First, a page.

A toilet, conveniently situated near the Student Union Bar at the University of the West of England (UWE Bristol), is proving pee can generate electricity. It is hoped the pee-power technology will light cubicles in refugee camps, which are often dark and dangerous places, particularly for women.
Students and staff are being asked to use the urinal to donate pee to fuel microbial fuel cell (MFC) stacks that generate electricity to power indoor lighting.
The prototype urinal is the result of a partnership between researchers at UWE Bristol and Oxfam. The research team is led by Professor Ioannis Ieropoulos, Director of the Bristol BioEnergy Centre located in the Bristol Robotics Laboratory at UWE Bristol.
Professor Ieropoulos says, “We have already proved that this way of generating electricity works. Work by the Bristol BioEnergy Centre hit the headlines in 2013 when the team demonstrated that electricity generated by microbial fuel cell stacks could power a mobile phone. This exciting project with Oxfam could have a huge impact in refugee camps.
“The microbial fuel cells work by employing live microbes which feed on urine (fuel) for their own growth and maintenance. The MFC is in effect a system which taps a portion of that biochemical energy used for microbial growth, and converts that directly into electricity — what we are calling urine-tricity or pee power. This technology is about as green as it gets, as we do not need to utilize fossil fuels, and we are effectively using a waste product that will be in plentiful supply.”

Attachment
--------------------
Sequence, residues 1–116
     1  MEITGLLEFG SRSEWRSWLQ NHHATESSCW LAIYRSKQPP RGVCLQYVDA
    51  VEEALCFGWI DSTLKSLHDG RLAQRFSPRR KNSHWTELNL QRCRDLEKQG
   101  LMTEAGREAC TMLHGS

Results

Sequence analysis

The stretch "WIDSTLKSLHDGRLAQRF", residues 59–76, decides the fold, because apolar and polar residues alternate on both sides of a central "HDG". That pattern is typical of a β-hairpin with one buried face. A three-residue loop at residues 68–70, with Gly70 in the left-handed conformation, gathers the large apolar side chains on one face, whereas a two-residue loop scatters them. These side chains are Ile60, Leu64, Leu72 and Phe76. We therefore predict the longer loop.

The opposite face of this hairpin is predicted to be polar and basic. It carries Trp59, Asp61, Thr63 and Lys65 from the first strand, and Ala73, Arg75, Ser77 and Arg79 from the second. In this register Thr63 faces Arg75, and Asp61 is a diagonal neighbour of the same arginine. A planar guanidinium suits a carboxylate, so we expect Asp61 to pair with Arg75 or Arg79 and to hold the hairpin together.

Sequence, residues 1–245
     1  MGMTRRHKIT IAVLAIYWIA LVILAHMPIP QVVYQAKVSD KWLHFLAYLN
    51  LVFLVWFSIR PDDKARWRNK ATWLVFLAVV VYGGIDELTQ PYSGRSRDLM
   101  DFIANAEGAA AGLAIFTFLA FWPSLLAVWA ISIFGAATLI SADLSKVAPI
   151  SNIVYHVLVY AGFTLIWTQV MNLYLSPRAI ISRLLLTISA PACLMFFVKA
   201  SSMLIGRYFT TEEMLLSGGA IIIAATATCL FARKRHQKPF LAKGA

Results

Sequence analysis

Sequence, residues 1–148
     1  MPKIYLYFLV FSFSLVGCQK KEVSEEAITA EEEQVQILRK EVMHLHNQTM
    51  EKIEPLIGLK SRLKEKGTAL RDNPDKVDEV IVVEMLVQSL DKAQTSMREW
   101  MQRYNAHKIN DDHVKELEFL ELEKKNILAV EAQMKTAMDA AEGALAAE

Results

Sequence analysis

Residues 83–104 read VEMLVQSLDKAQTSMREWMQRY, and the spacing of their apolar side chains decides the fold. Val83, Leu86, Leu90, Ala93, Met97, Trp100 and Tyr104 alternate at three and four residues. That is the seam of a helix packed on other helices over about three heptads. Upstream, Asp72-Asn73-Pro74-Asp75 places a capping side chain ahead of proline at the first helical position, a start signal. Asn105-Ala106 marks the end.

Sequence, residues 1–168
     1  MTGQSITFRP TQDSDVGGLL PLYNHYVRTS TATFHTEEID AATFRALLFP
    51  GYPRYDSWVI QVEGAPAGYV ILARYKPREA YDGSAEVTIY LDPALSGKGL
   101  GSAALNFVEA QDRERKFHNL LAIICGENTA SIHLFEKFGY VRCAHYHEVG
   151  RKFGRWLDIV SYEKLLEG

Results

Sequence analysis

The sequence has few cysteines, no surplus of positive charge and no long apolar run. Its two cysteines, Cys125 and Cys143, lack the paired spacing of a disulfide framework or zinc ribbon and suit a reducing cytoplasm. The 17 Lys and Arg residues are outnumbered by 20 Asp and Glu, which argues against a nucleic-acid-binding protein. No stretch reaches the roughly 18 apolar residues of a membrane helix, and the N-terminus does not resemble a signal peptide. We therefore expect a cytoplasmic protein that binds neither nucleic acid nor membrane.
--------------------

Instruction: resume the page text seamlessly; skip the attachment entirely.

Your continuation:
The urinal on the University campus resembles toilets used in refugee camps by Oxfam to make the trial as realistic as possible. The technology that converts the urine into power sits underneath the urinal and can be viewed through a clear screen.
Andy Bastable, Head of Water and Sanitation at Oxfam, says, “Oxfam is an expert at providing sanitation in disaster zones, and it is always a challenge to light inaccessible areas far from a power supply. This technology is a huge step forward. Living in a refugee camp is hard enough without the added threat of being assaulted in dark places at night. The potential of this invention is huge.”
Both Professor Ieropoulos and Andy Bastable agree it is the cheap, sustainable aspect of this technology, which relies on the abundant, free supply of urine that makes it so practical for aid agencies to use in the field.
Professor Ieropoulos says “One microbial fuel cell costs about £1 to make, and we think that a small unit like the demo we have mocked up for this experiment could cost as little as £600 to set up, which is a significant bonus as this technology is in theory everlasting.”
It certainly brings new meaning to the idea of spending a penny in the fight against poverty.